The Regence auditor in charge of my case, Anke Menzer-Wallace, failed to turn up any irregularities in our documentation. But, still, Ms. Menzer-Wallace issued a stern admonition to my father and me, ordering us not to open our clinic on Saturdays to administer flu shots.
Recently, a jury in Oklahoma City ordered insurance giant Aetna to pay $25 million to the family of Orrana Cunningham, an Aetna customer who died of cancer after the company refused to cover radiation therapy. “The jury ruled that Aetna recklessly disregarded its duty to deal fairly and in good faith with Cunningham,” according to a Nov. 10 article by the Associated Press.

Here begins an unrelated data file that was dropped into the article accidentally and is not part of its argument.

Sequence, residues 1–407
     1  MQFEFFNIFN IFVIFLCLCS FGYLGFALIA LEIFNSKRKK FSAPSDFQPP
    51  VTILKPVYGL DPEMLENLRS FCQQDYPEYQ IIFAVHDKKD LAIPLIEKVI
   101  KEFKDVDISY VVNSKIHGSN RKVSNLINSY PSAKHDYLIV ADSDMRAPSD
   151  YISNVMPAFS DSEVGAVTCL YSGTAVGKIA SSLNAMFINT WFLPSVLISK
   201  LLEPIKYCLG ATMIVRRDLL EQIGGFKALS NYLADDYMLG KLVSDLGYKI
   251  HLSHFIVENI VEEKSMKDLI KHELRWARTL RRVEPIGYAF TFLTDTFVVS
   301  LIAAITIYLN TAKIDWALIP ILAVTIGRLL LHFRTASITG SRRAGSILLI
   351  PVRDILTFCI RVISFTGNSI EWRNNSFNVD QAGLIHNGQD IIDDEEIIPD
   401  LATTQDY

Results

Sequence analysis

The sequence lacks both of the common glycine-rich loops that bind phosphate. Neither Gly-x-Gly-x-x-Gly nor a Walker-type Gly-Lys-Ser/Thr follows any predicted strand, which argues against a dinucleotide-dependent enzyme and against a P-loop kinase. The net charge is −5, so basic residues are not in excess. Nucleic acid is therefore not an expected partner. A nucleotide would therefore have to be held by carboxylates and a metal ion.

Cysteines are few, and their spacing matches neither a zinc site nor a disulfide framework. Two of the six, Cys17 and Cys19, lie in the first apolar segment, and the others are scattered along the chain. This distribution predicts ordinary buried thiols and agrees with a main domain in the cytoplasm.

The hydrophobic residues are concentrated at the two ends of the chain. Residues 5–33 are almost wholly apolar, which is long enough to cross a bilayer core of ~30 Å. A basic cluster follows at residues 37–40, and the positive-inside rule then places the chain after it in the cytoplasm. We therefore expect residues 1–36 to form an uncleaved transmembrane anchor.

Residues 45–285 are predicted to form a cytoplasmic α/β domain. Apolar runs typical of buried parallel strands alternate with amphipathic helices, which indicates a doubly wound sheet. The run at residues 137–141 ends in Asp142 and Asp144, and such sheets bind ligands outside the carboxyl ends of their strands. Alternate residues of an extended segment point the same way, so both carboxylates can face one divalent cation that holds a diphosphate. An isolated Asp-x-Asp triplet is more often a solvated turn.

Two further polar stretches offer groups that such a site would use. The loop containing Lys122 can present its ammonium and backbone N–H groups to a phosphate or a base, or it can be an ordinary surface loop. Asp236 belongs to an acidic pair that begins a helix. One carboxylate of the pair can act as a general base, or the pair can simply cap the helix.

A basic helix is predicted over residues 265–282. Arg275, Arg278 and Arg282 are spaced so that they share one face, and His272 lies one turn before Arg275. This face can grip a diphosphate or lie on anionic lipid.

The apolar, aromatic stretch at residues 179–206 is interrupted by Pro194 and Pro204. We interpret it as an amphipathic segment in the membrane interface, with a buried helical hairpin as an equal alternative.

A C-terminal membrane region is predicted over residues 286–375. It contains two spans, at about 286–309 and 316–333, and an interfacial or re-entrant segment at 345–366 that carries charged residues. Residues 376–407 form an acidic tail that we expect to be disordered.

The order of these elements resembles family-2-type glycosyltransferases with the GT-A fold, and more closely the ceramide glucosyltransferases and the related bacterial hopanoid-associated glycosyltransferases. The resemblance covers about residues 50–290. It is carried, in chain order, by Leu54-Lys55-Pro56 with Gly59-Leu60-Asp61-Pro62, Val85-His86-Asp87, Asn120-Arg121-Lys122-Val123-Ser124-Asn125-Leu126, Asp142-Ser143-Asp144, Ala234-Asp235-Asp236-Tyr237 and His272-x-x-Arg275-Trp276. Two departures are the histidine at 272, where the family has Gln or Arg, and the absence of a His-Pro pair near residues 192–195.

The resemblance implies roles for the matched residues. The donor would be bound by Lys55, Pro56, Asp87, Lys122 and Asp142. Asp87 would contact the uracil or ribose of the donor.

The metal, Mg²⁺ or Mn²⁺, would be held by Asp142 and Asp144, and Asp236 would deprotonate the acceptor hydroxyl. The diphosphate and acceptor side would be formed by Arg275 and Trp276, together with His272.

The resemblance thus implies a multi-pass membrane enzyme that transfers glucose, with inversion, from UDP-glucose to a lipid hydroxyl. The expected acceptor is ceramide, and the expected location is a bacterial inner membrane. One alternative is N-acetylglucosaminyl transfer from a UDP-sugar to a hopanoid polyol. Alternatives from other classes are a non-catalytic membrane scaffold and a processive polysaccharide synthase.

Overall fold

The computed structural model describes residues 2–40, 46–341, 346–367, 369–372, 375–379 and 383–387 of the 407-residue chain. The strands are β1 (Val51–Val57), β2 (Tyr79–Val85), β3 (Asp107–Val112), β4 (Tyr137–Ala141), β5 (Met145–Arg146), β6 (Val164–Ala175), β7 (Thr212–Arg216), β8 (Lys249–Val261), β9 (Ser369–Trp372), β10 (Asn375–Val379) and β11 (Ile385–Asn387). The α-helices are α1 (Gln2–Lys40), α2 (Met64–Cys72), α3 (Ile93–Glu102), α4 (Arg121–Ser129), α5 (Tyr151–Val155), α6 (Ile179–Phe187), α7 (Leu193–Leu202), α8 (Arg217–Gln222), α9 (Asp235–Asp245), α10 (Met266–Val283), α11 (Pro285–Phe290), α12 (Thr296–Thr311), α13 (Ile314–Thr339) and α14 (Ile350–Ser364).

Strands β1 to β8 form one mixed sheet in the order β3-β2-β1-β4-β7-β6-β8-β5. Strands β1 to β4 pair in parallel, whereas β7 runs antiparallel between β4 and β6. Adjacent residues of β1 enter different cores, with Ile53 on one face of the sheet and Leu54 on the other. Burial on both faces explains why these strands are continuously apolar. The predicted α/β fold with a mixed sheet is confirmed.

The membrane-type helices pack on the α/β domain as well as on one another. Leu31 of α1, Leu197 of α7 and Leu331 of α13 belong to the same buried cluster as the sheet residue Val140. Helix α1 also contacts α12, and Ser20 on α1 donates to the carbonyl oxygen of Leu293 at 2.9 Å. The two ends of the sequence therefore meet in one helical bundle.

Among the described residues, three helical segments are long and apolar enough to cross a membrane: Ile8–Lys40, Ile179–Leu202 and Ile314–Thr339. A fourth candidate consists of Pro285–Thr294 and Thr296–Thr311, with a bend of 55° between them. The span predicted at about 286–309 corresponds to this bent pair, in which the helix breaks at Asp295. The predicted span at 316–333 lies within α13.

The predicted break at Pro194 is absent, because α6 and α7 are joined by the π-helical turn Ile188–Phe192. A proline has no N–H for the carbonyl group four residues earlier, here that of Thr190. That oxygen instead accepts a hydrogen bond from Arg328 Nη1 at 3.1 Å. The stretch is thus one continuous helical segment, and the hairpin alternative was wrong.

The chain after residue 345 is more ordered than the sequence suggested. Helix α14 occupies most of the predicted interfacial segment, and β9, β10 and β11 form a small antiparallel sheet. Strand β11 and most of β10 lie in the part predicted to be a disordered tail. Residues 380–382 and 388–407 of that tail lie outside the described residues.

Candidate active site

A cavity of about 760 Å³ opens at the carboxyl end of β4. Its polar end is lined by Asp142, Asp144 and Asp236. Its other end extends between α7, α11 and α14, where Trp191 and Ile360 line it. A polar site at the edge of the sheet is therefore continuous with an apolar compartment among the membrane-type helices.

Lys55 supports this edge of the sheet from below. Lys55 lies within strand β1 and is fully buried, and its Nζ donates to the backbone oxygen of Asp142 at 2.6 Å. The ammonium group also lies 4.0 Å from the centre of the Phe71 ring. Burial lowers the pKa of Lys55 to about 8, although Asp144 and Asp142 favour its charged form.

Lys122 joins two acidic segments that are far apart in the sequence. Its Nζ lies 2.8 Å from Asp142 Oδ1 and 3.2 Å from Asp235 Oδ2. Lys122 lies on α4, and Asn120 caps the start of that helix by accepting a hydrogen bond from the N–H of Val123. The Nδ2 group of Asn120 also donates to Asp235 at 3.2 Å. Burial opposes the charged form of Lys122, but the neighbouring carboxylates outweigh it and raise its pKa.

Prior Authorizations: Who is Responsible for the Death of a Patient when Insurers Practice Medicine?
In July, 2009, the family of Massachusetts teenager Yarushka Rivera went to their local Walgreens to pick up Topomax, an anti-seizure drug that had been keeping her epilepsy in check for years. Rivera had insurance coverage through MassHealth, the state’s Medicaid insurance program for low-income children, and never ran into obstacles obtaining this life-saving medication.
After reviewing more than 100 EOB’s personally, a clear and definitive pattern of fraud emerges demonstrating GEHA makes every single patient responsible for $50-100 in out-of-pocket costs for immunizations. Language in our GEHA contract clearly states we must follow their specifications according to each EOB we receive.